Tap And God: Churches Are Trying To Move With The Times

They might be accused of having archaic attitudes about certain things, but some churches are trying to modernise at least part of their services.

St Mary's Cathedral in Sydney sparked a minor social media storm this past week by announcing it was trialing a 'tap and go' card payment service for its collection plate.

Instead of the traditional tithing donations of cash or coins, the cathedral asked parishioners to use their cards to make a contactless payment on a small plate that could be passed around.

St Mary's also has small tap and go payment points around the church, asking visitors to donate $5 to "support St Mary's".

"This weekend we will be the first cathedral/church in NSW to trial this new technology," read a now-deleted post on the cathedral's Facebook page on September 20.

"Multiple payments of $10 can be made by tapping your card once with several seconds in between each transaction."

The cathedral deleted that particular post after criticism online -- some of which remains visible on the Facebook page -- but another earlier post gave the reasoning behind the decision.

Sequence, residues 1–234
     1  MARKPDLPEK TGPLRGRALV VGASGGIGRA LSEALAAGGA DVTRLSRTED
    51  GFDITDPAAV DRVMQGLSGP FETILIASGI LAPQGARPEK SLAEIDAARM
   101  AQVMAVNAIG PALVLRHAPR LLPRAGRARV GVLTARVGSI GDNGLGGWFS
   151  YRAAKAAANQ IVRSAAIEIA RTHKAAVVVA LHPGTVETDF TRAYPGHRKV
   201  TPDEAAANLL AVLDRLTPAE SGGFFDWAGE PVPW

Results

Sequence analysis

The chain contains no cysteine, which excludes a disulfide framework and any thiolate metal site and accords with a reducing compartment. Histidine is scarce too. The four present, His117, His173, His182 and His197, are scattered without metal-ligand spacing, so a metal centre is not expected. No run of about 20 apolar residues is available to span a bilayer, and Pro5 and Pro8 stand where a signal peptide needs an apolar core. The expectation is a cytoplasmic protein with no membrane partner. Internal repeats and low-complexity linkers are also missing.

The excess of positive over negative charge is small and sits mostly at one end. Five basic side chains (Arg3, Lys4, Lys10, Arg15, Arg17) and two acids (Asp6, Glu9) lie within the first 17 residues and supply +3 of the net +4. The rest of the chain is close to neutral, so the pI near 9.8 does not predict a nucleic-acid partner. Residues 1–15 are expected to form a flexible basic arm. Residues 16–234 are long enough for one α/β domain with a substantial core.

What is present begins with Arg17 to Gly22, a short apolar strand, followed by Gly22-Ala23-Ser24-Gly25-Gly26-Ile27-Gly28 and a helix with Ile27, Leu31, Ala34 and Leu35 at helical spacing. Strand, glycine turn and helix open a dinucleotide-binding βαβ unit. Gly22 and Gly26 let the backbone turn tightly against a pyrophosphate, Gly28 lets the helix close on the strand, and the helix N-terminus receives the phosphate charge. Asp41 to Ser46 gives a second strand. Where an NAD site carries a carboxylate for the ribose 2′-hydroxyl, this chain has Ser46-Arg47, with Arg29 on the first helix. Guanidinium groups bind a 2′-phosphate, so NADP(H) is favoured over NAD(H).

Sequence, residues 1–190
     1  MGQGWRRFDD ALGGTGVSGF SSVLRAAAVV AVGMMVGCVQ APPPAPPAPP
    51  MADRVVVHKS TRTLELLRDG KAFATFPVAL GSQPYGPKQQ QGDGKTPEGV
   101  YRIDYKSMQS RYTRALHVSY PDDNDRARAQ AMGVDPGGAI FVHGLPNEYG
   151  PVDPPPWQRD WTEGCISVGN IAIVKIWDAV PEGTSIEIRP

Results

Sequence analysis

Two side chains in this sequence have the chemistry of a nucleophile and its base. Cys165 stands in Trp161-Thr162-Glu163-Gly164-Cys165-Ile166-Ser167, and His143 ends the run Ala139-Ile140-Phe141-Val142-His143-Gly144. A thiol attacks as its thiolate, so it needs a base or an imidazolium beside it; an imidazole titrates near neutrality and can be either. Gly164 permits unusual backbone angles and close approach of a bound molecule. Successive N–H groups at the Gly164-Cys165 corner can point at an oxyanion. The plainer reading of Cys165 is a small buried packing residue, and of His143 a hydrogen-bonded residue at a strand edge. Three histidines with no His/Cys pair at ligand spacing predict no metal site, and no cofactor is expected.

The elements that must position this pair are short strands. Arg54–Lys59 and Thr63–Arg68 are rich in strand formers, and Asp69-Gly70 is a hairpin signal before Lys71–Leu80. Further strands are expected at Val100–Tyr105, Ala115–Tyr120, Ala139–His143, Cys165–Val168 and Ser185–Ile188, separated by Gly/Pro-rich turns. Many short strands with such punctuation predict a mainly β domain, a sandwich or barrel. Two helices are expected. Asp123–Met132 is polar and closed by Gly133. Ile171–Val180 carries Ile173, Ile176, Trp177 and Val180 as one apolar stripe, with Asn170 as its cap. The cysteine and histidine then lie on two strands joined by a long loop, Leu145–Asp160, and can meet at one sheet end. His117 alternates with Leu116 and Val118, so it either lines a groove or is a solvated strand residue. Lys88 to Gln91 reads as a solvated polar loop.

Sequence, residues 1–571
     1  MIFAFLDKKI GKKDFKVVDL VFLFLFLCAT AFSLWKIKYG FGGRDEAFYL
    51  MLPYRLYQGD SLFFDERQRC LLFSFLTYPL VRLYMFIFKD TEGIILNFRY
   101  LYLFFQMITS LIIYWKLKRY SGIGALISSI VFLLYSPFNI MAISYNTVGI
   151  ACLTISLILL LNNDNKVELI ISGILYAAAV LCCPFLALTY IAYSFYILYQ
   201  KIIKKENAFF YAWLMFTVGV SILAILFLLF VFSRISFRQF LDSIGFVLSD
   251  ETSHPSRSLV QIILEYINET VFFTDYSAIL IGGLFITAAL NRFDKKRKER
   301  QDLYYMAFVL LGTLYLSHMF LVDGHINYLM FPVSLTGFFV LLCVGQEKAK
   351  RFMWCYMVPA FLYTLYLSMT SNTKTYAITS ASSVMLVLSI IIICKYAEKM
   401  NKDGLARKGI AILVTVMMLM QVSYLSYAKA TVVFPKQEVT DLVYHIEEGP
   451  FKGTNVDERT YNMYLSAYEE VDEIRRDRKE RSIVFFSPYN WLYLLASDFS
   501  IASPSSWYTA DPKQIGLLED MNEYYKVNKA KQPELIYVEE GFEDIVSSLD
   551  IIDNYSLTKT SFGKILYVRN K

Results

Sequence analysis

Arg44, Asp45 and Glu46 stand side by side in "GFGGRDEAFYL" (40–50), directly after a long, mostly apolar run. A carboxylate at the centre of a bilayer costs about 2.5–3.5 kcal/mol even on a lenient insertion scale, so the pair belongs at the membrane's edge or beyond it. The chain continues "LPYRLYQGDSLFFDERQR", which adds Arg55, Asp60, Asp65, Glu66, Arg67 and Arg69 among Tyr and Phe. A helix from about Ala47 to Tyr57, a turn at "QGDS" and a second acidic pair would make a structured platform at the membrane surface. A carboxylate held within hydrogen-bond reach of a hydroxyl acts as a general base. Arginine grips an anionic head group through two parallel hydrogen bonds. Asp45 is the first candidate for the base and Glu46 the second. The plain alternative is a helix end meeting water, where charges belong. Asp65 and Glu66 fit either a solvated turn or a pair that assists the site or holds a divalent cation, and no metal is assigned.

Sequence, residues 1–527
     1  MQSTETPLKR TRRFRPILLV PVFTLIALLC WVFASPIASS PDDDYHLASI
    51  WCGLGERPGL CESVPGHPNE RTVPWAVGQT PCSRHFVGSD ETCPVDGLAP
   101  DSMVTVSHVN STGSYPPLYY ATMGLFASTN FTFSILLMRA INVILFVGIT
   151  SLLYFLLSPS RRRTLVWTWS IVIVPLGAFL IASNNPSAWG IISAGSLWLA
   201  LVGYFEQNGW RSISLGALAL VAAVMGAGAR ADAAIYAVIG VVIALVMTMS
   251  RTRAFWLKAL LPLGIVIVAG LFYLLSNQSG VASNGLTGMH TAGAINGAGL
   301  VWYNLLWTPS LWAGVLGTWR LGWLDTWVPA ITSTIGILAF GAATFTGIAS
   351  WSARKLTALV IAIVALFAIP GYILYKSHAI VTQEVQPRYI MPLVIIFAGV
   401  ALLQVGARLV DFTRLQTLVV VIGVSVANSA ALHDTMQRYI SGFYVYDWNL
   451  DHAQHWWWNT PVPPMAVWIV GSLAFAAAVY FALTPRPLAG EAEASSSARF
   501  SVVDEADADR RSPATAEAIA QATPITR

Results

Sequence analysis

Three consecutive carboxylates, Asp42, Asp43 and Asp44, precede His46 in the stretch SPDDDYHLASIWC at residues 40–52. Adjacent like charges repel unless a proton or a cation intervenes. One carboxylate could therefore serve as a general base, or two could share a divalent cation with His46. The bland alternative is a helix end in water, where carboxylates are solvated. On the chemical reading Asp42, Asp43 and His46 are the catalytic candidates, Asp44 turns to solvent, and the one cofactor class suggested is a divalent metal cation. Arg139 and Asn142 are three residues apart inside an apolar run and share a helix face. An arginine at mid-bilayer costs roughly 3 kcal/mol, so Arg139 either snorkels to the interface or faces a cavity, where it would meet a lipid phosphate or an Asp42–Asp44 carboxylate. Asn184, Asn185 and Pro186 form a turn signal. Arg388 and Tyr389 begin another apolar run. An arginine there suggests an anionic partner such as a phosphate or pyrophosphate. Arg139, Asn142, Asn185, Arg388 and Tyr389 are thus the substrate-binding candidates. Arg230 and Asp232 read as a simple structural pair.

"To keep up with the growth of technology in the 21st century, the Cathedral will be trialling the use of 'tap and go' collection plates during the collection at the Offertory," the cathedral said.

(Getty Images)

The tap and go plate is far from the only way the religious world is at least trying to keep up with a changing society.

St Mary's and many others live stream their services or sermons on social media, allowing those absent from the church to still participate with the rest of the congregation.

Various churches have also installed wi-fi and other technology in an attempt to keep services interesting and engaging for a modern audience. The likes of some modern "mega-churches" install high-tech audio-visual equipment to spice up their services.

Some congregations have also embraced gluten-free communion wafers for services, to cater to a growing slice of the community who do not consume gluten for medical reasons or simple dietary preferences.

No less than the Vatican itself last year issued a reminder that Catholic communion bread must contain gluten -- "Hosts that are completely gluten-free are invalid matter for the celebration of the Eucharist", a note said -- but Protestant churches have offered gluten-free substitutes.

Some also offer simple grape juice instead of wine, for those who prefer not to drink alcohol.


On more substantive areas, though, Pope Francis has moved to modernise the Catholic church's stance on some social issues.

"We have to realise that, in order to stand by your side, we need to change many situations that, in the end, put you off," the Pope said this week, in making the case for the church to reform in the wake of ongoing sex abuse scandals.

Francis also softened the church's stance on exclusion of the LGBT community.

However, the Pope has also stuck true to the church's opposition to abortion and other conservative issues.